Celebrities: Ulrich Matthes defends Berlin against malice – Panorama

Gundula Gause, 57, news anchor, is not a fan of crazy experiments. “You can talk to me about anything, just not about my hairstyle,” said the co-moderator of the “heute-journal”. Augsburg General. Gause, who has been the face of the ZDF news magazine for 30 years, gives a simple reason for her unchanged hairstyle: “I’ve had it for this long time because I think it suits me. I feel good like that.” It just stands for continuity and reliability “So: once approved and stuck with it!”

(Photo: Georg Wendt/dpa)

Ulrich Matthes, 63, actor, has great feelings for Berlin. “It’s like with the family,” he said German press agency on the occasion of the malice that the capital gets. After all sorts of mishaps, a new vote has to be held there at the weekend. You can complain to your parents yourself. “But when your classmates do that, you immediately throw yourself in front of your parents and say to the others: ‘You must be crazy.'” But he himself is increasingly “a critical Berliner” – and sees people as having a duty: “I I have the feeling that every Berliner should – I’ve been thinking that for years – simply feel more responsible for the success of this city.”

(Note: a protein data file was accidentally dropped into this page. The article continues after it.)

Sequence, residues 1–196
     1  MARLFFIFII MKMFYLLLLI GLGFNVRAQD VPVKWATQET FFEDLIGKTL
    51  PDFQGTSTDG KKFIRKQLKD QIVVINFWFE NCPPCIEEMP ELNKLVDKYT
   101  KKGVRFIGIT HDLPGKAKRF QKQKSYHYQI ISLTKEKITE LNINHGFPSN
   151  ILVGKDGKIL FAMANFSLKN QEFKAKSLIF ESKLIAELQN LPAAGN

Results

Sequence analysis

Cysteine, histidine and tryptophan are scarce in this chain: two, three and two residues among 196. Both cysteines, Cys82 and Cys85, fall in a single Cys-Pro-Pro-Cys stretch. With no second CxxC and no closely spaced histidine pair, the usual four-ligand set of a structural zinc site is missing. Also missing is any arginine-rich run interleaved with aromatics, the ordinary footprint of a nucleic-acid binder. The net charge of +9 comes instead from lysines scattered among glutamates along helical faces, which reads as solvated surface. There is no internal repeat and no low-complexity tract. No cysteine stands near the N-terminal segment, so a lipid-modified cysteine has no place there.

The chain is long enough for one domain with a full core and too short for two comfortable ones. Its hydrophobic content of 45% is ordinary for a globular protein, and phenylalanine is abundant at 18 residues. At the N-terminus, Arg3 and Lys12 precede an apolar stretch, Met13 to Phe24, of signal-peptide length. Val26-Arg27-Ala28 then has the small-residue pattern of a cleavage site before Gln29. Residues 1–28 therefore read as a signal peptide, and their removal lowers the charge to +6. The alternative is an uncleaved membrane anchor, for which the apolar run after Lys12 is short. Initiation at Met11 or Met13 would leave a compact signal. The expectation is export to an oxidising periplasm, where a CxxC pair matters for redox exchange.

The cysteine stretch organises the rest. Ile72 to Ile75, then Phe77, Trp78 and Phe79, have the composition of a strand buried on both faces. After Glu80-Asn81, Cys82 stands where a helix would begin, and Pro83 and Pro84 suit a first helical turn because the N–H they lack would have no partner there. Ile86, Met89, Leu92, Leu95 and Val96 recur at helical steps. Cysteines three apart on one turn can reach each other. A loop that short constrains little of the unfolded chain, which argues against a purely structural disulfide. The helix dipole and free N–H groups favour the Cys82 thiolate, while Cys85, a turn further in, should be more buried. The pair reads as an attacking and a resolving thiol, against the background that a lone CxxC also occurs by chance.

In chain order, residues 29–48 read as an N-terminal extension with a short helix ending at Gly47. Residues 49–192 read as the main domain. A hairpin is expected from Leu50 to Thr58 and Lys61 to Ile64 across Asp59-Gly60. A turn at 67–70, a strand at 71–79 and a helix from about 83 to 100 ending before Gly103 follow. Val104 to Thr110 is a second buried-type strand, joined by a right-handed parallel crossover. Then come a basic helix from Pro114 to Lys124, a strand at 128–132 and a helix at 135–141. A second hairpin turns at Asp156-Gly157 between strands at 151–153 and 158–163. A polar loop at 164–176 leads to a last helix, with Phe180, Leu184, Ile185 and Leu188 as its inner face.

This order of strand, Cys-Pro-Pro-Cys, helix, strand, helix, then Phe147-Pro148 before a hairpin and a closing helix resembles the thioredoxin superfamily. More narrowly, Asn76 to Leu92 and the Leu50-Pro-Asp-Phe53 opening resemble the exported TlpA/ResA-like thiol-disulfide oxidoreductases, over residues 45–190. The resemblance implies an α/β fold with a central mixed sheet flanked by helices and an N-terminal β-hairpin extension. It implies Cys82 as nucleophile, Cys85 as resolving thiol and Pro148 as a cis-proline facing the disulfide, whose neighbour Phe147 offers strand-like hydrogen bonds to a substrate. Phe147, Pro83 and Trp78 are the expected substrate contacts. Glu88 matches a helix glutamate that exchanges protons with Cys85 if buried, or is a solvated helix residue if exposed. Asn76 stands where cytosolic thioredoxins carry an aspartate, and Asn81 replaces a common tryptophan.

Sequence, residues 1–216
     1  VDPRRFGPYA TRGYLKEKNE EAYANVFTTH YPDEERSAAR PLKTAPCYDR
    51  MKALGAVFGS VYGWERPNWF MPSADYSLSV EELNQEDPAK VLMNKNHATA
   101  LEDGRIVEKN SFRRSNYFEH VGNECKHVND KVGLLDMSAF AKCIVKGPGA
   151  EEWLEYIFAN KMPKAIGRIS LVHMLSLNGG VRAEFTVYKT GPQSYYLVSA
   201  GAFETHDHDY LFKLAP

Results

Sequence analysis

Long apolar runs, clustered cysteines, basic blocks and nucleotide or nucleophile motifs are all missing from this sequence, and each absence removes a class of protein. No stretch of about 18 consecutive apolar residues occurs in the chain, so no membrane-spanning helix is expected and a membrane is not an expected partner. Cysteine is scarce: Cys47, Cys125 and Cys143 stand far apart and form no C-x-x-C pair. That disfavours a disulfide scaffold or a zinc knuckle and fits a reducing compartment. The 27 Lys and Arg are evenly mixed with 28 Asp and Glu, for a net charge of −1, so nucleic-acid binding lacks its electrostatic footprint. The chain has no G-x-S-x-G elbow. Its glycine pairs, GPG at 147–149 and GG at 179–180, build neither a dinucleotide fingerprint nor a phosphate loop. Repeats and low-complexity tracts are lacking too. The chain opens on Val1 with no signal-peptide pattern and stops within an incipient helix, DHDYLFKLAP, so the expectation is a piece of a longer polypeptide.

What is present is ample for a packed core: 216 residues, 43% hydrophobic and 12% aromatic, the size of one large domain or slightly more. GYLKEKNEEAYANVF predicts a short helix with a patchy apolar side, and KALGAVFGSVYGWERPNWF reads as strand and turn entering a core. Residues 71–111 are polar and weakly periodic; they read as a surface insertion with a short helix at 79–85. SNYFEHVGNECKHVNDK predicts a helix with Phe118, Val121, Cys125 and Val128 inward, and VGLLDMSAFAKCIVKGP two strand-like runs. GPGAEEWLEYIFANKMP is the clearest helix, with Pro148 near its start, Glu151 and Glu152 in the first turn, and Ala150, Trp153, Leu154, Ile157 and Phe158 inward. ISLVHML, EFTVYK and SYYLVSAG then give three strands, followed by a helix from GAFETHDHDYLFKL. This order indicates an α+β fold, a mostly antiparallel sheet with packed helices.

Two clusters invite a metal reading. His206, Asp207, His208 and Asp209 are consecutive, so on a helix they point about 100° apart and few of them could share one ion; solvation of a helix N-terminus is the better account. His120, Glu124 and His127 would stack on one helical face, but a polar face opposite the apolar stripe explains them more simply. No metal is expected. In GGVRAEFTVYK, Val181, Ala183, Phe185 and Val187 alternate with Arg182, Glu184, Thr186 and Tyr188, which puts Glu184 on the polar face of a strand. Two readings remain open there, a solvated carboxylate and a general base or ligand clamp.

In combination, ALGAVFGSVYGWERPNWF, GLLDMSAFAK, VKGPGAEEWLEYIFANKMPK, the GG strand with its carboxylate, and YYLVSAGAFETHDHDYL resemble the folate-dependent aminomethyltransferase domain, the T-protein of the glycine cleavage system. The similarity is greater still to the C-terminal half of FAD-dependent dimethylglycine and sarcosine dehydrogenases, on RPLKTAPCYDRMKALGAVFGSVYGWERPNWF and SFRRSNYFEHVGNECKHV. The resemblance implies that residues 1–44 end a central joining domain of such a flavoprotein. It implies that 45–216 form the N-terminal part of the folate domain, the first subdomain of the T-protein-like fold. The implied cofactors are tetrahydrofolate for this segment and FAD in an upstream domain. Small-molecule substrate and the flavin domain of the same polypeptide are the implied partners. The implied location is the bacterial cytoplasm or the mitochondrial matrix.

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(Photo: Rolf Vennenbernd/dpa)

Laura Mueller, influencer, 22, has “love in her stomach”. She and her husband Michael Wendler, pop singer, 50, say they are expecting their first child together. “Our great happiness is on the way,” says her Instagram page. There is also a photo in which Michael Wender holds baby shoes in front of the camera. Laura Müller also used the news to advertise her account on an erotic platform, where she apparently wants to market the baby photos. Your Wendler recently attracted attention with conspiracy mythical views. This led to a break with his advertising partners, his manager and the broadcaster RTL.

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(Photo: Ursula Düren/dpa)

Marianne Hartl, 69, folk music singer, is grateful for the monastic drill of her school days. “You weren’t allowed to talk while eating, you weren’t allowed to wear pants, no sleeveless blouses or sweaters. You had to stand in ranks during the break, there was no romping around,” she described her school days German press agency. “Monastic life has had a big impact on me – I think it’s to my advantage.” The sisters who taught her until she was 16 encouraged her musical talent. She played flute, melodica and accordion, could sing and act in theatre. Marianne and Michael Hartl became known as a folk music duo, the first record was released in 1974.

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